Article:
Researchers explore what happens when people hear voices that others don't

August 10, 2017
A lateral view of brain regions that are sensitive to tones of fluctuating intensity. Credit: Albert Powers, Chris Mathys & Phil Corlett

People who hear voices—both with and without a diagnosed psychotic illness—are more sensitive than other subjects to a 125-year-old experiment designed to induce hallucinations. And the subjects' ability to learn that these hallucinations were not real may help pinpoint those in need of psychiatric treatment, suggests a new Yale-led study published Aug. 11 in the journal Science.

People with schizophrenia and other psychotic illnesses often report hearing voices, but so do other people with no diagnosed psychiatric disorder. Philip Corlett, an assistant professor of psychiatry, and Al Powers, a clinical instructor in psychiatry, wanted to identify factors that contribute to auditory hallucinations and to tease apart what makes some people's experiences troubling and others' benign.

"Hallucinations may arise from an imbalance between our expectations about the environment and the information we get from our senses," said Powers, the study's lead author. "You may perceive what you expect, not what your senses are telling you."

To test this idea, they used a technique developed at Yale in the 1980s designed to induce . In the experiment, four groups of subjects—voice-hearers (both psychotic and non-psychotic) and non-voice hearers (psychotic and non-psychotic)—were repeatedly presented with a light and a tone at the same time while undergoing brain scans. They were told to detect the tone, which was difficult to hear at times. Eventually, many subjects in all groups reported hearing a tone when only the light was presented, even though no tone was played. The effect, however, was much more pronounced in the two voice-hearing groups.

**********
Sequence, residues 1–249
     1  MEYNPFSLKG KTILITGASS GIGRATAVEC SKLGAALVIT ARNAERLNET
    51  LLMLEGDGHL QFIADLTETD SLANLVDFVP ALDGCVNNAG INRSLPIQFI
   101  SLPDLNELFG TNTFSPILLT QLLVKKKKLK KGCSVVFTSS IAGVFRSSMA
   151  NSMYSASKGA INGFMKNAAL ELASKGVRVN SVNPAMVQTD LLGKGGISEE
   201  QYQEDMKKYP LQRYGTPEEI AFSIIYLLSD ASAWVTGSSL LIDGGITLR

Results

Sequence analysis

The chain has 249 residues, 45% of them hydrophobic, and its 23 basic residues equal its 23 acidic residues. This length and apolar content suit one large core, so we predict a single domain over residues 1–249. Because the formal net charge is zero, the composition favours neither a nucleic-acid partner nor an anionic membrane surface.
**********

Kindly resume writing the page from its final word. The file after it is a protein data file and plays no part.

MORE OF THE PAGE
Brain regions that are sensitive to tones of fluctuating intensity. Horizontal sections from the bottom of the brain to the top. Credit: Albert Powers, Chris Mathys & Phil Corlett

"In both clinical and non-clinical subjects, we see some of the same brain processes at work during conditioned hallucinations as those engaged when voice-hearers report in the scanner," said Corlett, senior author of the study.

In a previous study, the researchers showed that a group of self-described voice-hearing psychics had similar voice-hearing experiences as patients with schizophrenia. Unlike patients, however, they tended to experience these voices as positive and reported an ability to exert more control over them.

The new experiment also used computational modeling to differentiate people with psychosis from those without. People with a had difficulty accepting that they had not really heard a tone and exhibited altered activity in brain regions that are often implicated in psychosis. These behavioral and neuroimaging markers may be an early indication of pathology and could help identify those who are in need of , the authors said.

Brain regions active during conditioned hallucinations. Horizontal sections from the bottom of the brain to the top. Credit: Albert Powers, Chris Mathys & Phil Corlett

More information: A.R. Powers el al., "Pavlovian conditioning–induced hallucinations result from overweighting of perceptual priors," Science (2017). … 1126/science.aan3458

Provided by: Yale University

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